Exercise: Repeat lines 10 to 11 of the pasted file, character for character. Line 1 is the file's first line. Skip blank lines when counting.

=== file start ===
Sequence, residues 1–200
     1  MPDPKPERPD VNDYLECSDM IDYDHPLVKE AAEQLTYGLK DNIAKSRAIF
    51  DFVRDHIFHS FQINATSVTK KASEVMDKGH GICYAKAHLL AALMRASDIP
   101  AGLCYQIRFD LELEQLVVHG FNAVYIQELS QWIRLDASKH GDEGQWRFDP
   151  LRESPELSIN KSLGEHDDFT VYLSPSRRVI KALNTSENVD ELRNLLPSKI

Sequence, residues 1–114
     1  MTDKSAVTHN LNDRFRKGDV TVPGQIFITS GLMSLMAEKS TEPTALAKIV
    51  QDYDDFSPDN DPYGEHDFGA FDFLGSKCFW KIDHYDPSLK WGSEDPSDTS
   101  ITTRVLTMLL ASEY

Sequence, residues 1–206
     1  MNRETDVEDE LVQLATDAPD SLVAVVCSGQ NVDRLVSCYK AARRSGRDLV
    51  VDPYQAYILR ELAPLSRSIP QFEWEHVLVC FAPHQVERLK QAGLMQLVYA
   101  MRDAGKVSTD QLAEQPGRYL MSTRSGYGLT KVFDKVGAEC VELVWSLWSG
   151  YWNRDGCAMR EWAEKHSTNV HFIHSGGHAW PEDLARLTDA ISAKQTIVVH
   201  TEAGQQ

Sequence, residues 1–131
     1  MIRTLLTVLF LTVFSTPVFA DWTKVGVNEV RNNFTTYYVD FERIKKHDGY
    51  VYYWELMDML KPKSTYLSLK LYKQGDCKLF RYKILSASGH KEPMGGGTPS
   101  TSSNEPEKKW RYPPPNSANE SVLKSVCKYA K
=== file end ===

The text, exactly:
Sequence, residues 1–206
     1  MNRETDVEDE LVQLATDAPD SLVAVVCSGQ NVDRLVSCYK AARRSGRDLV